Everyday we get more reminders that we are just a few percent of the way into what the Internet has in store for our business and personal lives. A friend in IBM UK Ltd., just wrote and told me about his experience in applying to re-mortgage his home. The bank, which I will call UKBank Ltd. here, offered an online application process. After filling out the application, my friend received an email that said, “Thank you for submitting your recent online application. From the information on the application, I understand you are an existing account holder. Therefore you would need to make the application via our Customer Retention department.The contact number for the Retention team is 0825 7021347 and they are available Monday-Friday 8.30am-6.00pm. Sorry for any inconvenience caused and thank you again for your interest”. They didn’t even pass the details on to their “customer retention” department to call my friend. In other words, it is up to the customer to call the customer retention people so that they can be “retained” as a customer!
The insanity doesn’t stop there. At the end of the bank’s email was the following…
Internet Sales Advisor
and then there was an epilogue…
The information, attachments and opinions contained in this message are those of its author only and do not necessarily represent those of The UKBank Ltd. and or any other members of the UKBank Group and are intended solely for the use of the individual or entity to whom they are addressed. The sender may not be authorized to give financial advice, and nothing in this message should be construed as offering such advice.The message may contain privileged and confidential information and you may not copy, distribute or take any action in reliance on it. If you have received this email in error please notify the Information Security Manager at [email protected]
Replies to this email may be monitored for operational or business reasons.
UKBank Ltd. Registered in England Number : 5349871632
I wonder if the CEO or CMO (chief marketing officer) at UKBank Ltd. are aware of what is going on here. I doubt it. I suspect they have never applied for a re-financing. It is becoming increasingly apparent that it is the CCO’s (chief compliance officers) that are running the show in the financial services industry. There are regulations and laws that must be followed. There are disclaimers that are necessary as a course of doing business on the Internet (I have notices on patrickWeb) but there are different ways to say things. In many cases the CCO and their legal advisors seem to be mostly concerned to be sure they are “in compliance”. So who worries about how things are said? And who worries about the customer reaction and perception of the email communications? In most cases in the financial services industry, I sadly say, it seems no one.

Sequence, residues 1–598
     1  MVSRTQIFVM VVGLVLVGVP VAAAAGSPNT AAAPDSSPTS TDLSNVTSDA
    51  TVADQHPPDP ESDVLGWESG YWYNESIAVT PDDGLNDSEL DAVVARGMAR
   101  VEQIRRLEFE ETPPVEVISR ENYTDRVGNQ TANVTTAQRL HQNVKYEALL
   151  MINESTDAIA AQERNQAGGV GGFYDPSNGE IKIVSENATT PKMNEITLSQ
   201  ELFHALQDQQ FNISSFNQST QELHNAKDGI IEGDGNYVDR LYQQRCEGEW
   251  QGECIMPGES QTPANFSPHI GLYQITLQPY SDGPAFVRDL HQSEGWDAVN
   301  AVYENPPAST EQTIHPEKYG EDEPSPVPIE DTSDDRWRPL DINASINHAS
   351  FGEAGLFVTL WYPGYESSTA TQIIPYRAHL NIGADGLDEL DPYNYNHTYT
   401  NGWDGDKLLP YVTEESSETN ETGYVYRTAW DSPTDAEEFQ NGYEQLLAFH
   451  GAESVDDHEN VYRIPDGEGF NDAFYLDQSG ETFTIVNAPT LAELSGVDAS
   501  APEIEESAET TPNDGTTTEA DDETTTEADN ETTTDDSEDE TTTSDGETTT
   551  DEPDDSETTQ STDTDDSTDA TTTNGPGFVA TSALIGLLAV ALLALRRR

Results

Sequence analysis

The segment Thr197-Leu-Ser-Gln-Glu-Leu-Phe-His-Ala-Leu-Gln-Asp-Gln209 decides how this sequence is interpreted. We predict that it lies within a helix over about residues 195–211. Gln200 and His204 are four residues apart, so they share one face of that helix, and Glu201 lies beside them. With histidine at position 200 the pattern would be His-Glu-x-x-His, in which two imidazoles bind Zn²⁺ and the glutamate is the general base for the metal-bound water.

My own financial services company is one of the best. They measure their people on customer satisfaction and do regular surveys to test it. I work closely with one of their employees on various financial matters — feeling a sense of relationship is a positive thing for me and for the firm. However, if I send him an email it gets automatically forwarded to another person who reads and “approves” it before he sees it. His reply to me goes to a person who must approve it before it is sent to me. So much for permission based email relationships. The firm says email has to be treated the same as “written” communication and therefore encourages using the telephone.
Is this the firm’s attitude or is it an SEC regulation? I am not sure, but plan to find out. Digital certificates are easily available and easy to use, albeit not as easy as it should be. There was legislation passed in the United States more than two years ago legalizing digital signatures. Public Key Infrastructure (pki) really works. More on that in another blog posting. See link below for other things I have written on this.
Note: The name UKBank Ltd. and the phone numbers are fictional. If they were the only financial services company that acted this way, I would not be afraid to provide their name. Unfortunately, this story could have been about many companies.